HP Envy x2 review: Hands-on
'Throwing this in for some accurate explanation to replace "hearsay".
Whenever the PSU is suspect, sooner or later some post will say how dangerous it is to open a PSU because of residual high voltage on some components.
I agree with those that say it is FUTILE to hope for enlightenment and easy repair of a component fault, far better to accept it is dud and bin it!
A dirty cooling fan is something quite different and should be straightforward with the PSU removed from the computer, and reasonable care taken to avoid damaging other circuit components.
I do not believe those who say there is danger of electrocution, and this is where I'm prepared to be howled down.
As I understand a PSU, there is live mains input which is made safe by removing the power lead. Thereafter a mass of components. Rectifiers, voltage regulators, current limiting devices and so on. There are some large capacity electrolytics which carry a hefty charge but at low voltage, acting as buffers to keep a smooth supply of DC available from the unit.
When isolated, there is no voltage potential present > 15volts. Or so I believe!
There must be many members who know the facts. Can somone back me, or shoot me down?
WARNING: The filter capacitors used in many switchmode power supplies can store an amount of energy that can kill - always discharge and confirm this before touching anything.
text taken from link......
Fully edorse SANTOS7's WARNING, The residaul charge in a capacitor can kill when discharge to a lower potential, ie to earth via your body.
Especially when you are stood on a bar stool in a disco stripping back some speaker cable with your teeth, OOOH!!!! look! he flies........
from my training, many, many years ago;
"Volts is jolts, but millers is killers"
Meaning that it's not the amount of volts that kills you, but the strength of the flowing current... which might be very small, measured in thousands of an amp, (hence "millers", from milliamp).
A car battery is "only" about 12 Volts, but the current it provides to the starter motor when starting a car can be in the region of 200 amps. have you seen what sort of spark they give if you short circuit the terminals?!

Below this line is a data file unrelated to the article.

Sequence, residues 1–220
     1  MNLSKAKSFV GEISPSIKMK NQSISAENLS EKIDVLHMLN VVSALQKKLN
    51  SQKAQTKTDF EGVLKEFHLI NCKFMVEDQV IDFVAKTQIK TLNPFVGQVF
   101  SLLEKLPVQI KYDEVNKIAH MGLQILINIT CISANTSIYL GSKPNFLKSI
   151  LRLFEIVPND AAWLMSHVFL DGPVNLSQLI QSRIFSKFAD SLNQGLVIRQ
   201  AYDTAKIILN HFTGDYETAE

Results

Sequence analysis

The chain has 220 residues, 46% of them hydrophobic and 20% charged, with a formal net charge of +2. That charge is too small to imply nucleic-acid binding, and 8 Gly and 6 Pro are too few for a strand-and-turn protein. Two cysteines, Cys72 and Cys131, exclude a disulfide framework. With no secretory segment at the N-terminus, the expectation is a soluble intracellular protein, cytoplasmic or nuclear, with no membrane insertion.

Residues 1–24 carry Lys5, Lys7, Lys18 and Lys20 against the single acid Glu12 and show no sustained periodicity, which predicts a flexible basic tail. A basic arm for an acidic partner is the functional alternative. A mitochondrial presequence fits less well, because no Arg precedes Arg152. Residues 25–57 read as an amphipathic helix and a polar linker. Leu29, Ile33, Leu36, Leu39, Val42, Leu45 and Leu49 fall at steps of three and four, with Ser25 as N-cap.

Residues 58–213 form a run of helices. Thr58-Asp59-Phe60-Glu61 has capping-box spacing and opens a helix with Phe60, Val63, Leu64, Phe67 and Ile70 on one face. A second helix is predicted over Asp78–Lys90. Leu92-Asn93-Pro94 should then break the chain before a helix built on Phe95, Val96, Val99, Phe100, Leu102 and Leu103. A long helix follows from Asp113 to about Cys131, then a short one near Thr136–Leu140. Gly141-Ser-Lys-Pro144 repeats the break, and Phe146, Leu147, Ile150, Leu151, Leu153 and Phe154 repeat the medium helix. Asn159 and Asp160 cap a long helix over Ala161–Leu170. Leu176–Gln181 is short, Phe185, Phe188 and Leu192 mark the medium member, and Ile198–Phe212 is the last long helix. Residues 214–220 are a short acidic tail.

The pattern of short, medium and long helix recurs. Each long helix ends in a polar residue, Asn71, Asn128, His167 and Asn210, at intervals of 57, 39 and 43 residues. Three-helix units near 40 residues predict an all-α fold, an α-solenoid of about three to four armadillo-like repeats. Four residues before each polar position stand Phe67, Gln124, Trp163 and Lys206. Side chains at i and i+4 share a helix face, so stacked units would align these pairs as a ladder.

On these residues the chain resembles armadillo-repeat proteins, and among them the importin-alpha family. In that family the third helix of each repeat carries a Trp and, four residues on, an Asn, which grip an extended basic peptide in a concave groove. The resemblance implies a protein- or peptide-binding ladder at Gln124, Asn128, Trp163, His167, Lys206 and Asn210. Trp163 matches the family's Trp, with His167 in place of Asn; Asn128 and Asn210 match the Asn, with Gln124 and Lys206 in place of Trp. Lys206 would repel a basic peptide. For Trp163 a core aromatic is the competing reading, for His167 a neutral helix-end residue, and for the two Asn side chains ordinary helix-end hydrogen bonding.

Now I don't know if whats left in an unplugged powersupply can kill you... I'm just pointing out that your reasoning that it's safe because there is no voltage higher than 15 volts isn't, by itself, sound.
A few years ago I had power supply trouble with a BBC Master computer. Although I have been working with electricity all my life and had many shocks of varying intensity, including mains, the jolt I got off that one is memorable and would not open a computer PSU unless it had been unplugged overnight.
Some people are more vulnerable than others to electricity so to be on the safe side leave it to discharge before you fiddle.
Once bought a small digital camera on ebay as 'spares or repair' to see if I could salvage the LCD screen which had cracked on my own camera. Package arrived through post, opened it, no batteries in camera, took the back off, started to undo tiny screws inside, ZZZAAAAPPPP!!!! an almighty belt shot through my finger which caused me to jump up out of my seat, camera shot out of my hand, finger had deep black line for weeks. Kids thought it was funny though.
Sorry, but his reasoning is sound.
Whilst the old adage "...it's mills that kills" is true, the quantity of milliamps (current) that can be pushed through the human body is directly proportional to the voltage applied (Ohms law).
The voltage below which a dangerous current is UNLIKELY to flow through the human body is (in international safety standard terminology) known as SELV and is generally accepted as around 60V. DC.
An electric shock is just that. Electrocution is death by electric shock.
I have taken quite a few PSU's apart mostly after they had blown and never had any mishaps,having said that it doesnt mean they cant harm you,i guess if you really must do it then its pot luck as to what happens when you do.
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